This review is for those who have read or are familiar with the previous book, Hex Hall, or don't mind knowing some spoilers for it. Demonglass, however, will remain spoiler-free.
Okay, so last semester at Hex Hall didn't go as well as Sophie had hoped. Between her major crush, Archer trying to kill her, her great-grandmother killing her best frienemy, and finding out she's actually a demon, there's nothing else Sophie can think of that could make her life suck even more. Well, except maybe finding out that she could snap and kill everyone around her without warning. Yeah, that'll just about do it.
The good news is there's a way to remove the danger entirely. The bad news is it would take away her powers and quite
Determined not to be a danger, Sophie travels to England with her father (demon), her best friend (vampire), and her betrothed (warloc—wait, WHAT?!) to go through with the Removal. But once she arrives, she's met with shocking news that puts her plans on hold. With newly-made demons mysteriously appearing, The Eye increasing their attacks against Prodigium, and nearby Archer sightings, who would have thought the Removal would be the least of her worries?
(For an even more tantalizing summary/hook, check out the description from the UK version.)
Before I get started, I've got a quick cover complaint: The cat's still there. Um...why? Didn't we already establish in the last book that there are no cats? Okay, fine, it's cute and sorta points to witches. So maybe a stranger looking at the cover would get clued in that it's about magic...is that any reason to keep taunting those who are reading the books? Oh, and don't ask me the significance of the reflection, since I'm pretty certain the only nice dress Sophie ever wears is black. Complaints aside, it's still a gorgeous cover.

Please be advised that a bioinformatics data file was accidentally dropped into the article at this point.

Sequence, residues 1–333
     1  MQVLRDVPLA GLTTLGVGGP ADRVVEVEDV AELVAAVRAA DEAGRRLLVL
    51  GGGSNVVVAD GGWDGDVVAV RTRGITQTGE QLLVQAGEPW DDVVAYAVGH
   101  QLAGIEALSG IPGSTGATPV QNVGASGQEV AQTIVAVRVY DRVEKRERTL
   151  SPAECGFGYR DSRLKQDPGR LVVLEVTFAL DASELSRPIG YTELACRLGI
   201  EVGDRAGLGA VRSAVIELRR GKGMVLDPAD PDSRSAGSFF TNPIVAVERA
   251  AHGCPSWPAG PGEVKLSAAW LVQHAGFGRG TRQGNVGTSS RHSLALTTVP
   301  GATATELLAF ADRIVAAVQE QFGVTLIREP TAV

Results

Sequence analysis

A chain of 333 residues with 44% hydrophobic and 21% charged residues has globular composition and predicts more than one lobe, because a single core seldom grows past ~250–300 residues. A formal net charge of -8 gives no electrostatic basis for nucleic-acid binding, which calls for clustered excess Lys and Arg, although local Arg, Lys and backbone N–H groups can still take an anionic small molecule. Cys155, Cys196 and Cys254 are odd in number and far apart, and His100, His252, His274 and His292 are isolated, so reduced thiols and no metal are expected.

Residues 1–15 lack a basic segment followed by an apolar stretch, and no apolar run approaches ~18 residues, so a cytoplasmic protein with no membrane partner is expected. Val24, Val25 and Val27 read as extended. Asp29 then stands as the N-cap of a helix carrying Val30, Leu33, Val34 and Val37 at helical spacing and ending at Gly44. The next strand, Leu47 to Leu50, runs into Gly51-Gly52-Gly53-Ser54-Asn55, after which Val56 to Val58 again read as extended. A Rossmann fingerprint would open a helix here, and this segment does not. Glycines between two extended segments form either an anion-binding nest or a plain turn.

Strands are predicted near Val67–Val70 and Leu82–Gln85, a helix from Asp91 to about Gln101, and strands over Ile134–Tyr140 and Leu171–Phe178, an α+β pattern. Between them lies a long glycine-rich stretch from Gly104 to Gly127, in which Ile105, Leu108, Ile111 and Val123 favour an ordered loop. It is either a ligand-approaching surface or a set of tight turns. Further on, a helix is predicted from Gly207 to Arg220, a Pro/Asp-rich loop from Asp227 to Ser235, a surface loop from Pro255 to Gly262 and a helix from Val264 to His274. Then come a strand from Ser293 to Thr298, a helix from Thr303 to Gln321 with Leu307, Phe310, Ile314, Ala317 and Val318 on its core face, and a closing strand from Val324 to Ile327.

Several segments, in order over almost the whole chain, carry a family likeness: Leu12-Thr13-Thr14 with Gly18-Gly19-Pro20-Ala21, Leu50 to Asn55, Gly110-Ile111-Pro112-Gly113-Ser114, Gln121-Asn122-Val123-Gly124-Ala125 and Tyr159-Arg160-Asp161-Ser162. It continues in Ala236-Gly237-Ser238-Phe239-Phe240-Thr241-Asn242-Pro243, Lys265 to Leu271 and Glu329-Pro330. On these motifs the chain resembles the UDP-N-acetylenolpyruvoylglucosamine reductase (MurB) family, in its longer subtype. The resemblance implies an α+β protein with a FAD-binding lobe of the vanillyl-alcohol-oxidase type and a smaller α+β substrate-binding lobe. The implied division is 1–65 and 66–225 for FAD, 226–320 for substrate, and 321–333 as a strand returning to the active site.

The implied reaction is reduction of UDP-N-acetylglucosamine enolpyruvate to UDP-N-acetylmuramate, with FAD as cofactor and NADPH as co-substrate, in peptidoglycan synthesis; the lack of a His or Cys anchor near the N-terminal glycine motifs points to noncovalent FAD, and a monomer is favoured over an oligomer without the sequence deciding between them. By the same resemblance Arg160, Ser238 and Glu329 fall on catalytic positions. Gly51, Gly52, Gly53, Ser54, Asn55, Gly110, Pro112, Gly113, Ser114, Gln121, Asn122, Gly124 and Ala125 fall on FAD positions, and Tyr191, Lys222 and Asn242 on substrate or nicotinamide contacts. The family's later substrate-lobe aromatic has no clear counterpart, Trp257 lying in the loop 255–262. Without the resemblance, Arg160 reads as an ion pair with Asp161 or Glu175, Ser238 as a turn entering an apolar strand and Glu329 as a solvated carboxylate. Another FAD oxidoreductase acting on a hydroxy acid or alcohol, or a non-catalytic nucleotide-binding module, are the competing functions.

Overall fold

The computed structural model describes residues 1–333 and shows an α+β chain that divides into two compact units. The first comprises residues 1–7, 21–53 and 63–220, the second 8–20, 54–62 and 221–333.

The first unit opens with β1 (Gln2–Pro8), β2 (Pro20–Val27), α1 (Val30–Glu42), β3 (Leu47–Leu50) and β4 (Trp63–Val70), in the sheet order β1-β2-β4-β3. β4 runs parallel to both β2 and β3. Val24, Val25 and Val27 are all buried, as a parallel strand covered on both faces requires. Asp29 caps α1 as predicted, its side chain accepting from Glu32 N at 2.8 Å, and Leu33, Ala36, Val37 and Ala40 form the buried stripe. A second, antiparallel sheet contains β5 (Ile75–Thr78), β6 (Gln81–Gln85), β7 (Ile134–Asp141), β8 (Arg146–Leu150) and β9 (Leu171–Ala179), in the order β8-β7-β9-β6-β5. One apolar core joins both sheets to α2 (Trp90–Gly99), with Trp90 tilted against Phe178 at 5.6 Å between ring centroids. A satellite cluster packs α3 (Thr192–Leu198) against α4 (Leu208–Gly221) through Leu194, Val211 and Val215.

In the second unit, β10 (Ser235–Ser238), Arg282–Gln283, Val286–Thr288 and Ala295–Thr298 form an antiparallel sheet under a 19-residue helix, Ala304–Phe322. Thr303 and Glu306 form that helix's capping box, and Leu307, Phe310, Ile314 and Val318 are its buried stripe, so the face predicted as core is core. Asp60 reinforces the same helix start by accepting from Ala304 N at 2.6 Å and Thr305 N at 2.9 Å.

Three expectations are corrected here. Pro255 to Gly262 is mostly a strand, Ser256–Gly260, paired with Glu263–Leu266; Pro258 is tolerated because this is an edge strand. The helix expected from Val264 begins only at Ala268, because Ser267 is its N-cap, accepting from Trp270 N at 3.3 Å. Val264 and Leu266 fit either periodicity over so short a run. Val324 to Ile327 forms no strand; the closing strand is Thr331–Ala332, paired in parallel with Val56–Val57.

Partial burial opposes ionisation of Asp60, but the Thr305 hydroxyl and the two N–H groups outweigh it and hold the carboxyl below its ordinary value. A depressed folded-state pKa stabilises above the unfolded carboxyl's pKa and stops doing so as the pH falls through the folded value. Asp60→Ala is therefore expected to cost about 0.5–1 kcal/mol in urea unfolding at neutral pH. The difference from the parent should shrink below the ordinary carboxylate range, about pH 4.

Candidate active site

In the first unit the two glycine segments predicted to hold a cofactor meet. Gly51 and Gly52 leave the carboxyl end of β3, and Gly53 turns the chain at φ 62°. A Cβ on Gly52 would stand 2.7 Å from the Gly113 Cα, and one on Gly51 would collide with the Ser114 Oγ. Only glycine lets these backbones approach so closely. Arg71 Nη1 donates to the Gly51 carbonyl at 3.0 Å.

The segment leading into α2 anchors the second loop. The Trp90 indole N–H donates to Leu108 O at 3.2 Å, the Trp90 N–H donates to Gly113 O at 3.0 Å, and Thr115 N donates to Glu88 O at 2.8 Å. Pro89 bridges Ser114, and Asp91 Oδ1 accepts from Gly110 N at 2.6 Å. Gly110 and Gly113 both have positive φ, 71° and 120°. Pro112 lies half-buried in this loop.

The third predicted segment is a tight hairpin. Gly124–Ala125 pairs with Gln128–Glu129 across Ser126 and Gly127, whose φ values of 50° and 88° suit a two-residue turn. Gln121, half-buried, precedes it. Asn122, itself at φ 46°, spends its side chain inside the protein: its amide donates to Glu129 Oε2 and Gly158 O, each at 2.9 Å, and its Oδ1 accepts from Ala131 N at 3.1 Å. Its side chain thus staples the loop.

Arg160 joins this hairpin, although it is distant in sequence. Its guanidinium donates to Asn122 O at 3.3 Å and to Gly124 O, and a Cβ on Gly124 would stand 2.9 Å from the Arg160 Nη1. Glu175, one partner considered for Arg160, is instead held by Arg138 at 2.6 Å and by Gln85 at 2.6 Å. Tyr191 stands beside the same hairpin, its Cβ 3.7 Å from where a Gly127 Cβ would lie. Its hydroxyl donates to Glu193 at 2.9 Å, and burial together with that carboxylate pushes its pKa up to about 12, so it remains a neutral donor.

If you were hoping to find our main character with even more humor, wit, sarcasm, and overall snark, you should be very pleased. Sophie is as sassy and endearing as ever, perhaps even more-so without vindictive classmates or prying professors around. Her style of snark may not be for everyone, but I found her voice to be a mirror of my own—we just clicked. Jenna, I hate to admit, wore on my nerves a bit. I didn't think she was fleshed out any better than before, and even repeated her past brooding a couple times. Still, she ended up being able to put petty arguments aside eventually so in the end she's still on my good side.
The other characters (new, for the most part) are all equally intriguing. Between new demons Daisy and Nick, a more friendly and talkative Cal, and Sophie's father, I'm having a hard time missing old Hecate. Plus there are a couple surprise reappearances by old friends that are sure to banish any Hex Hall blues. And the major villains of the book, though not revealed until pretty late, are once again given their fair share of fleshing-out. Makes it a bit hard to choose sides sometimes, eh?
If asked who my favorite new-to-Demonglass character was, it would hands down be Sophie's dad. He's every bit as sarcastic as his daughter, though a little more restrained, and he has a British accent to boot! For having started off as a boarding-school-series with Hex Hall, Demonglass defies the norm by placing the main character with a parent. Granted, it's a parent she's never met in person, and staying in a huge, labyrinthine home, so it somewhat harkens back to the isolated teen angle. However, I was extremely impressed with the father/daughter bond that was established. It's something not seen much anymore, and I thoroughly enjoyed it—especially when he confided in her or matched wits in sarcastic duels.